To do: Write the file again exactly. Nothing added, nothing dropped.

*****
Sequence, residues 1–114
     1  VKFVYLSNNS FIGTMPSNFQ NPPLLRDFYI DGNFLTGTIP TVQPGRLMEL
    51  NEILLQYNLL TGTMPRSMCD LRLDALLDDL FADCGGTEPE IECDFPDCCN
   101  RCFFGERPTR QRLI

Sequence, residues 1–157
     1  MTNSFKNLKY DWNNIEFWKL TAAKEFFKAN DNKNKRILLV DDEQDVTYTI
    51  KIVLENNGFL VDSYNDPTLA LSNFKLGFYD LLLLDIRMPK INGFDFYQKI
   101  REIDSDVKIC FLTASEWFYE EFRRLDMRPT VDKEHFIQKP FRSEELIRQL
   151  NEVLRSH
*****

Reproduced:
Sequence, residues 1–114
     1  VKFVYLSNNS FIGTMPSNFQ NPPLLRDFYI DGNFLTGTIP TVQPGRLMEL
    51  NEILLQYNLL TGTMPRSMCD LRLDALLDDL FADCGGTEPE IECDFPDCCN
   101  RCFFGERPTR QRLI

Sequence, residues 1–157
     1  MTNSFKNLKY DWNNIEFWKL TAAKEFFKAN DNKNKRILLV DDEQDVTYTI
    51  KIVLENNGFL VDSYNDPTLA LSNFKLGFYD LLLLDIRMPK INGFDFYQKI
   101  REIDSDVKIC FLTASEWFYE EFRRLDMRPT VDKEHFIQKP FRSEELIRQL
   151  NEVLRSH